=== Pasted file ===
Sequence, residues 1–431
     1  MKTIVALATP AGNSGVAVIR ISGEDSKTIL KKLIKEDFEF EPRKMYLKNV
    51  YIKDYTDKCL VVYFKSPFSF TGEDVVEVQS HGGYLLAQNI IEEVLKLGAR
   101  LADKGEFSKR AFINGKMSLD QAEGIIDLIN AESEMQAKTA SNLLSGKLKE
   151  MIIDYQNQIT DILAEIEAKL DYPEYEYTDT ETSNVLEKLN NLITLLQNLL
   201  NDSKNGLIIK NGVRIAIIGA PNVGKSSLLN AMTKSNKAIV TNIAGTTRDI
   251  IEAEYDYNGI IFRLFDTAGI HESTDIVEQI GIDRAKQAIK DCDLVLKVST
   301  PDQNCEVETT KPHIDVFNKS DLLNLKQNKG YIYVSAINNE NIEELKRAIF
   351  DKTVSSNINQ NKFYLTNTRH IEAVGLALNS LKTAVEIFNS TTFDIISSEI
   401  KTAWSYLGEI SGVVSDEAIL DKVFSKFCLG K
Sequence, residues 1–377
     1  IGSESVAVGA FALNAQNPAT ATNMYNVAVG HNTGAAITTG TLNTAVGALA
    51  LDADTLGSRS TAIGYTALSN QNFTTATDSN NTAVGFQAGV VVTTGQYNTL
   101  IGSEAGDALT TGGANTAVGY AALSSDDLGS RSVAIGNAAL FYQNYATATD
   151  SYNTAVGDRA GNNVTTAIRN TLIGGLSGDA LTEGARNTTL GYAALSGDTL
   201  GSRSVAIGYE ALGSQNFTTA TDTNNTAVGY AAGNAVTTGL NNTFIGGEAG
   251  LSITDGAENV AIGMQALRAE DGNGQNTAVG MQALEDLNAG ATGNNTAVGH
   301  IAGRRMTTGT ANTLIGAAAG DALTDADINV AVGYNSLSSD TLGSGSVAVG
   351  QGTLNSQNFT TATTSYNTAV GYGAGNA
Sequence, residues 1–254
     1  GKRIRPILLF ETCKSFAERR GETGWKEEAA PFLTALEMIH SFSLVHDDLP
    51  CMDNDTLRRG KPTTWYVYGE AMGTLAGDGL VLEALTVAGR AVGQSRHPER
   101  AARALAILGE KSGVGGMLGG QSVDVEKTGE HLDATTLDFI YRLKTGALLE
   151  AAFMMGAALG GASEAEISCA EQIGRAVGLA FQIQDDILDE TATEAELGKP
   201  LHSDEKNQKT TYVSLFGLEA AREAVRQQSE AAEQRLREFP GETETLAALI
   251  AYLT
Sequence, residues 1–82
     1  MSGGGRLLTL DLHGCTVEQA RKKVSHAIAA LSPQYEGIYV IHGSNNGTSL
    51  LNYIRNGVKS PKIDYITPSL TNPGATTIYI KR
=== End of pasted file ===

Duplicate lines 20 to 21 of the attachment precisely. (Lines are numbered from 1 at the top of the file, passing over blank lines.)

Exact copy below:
Sequence, residues 1–254
     1  GKRIRPILLF ETCKSFAERR GETGWKEEAA PFLTALEMIH SFSLVHDDLP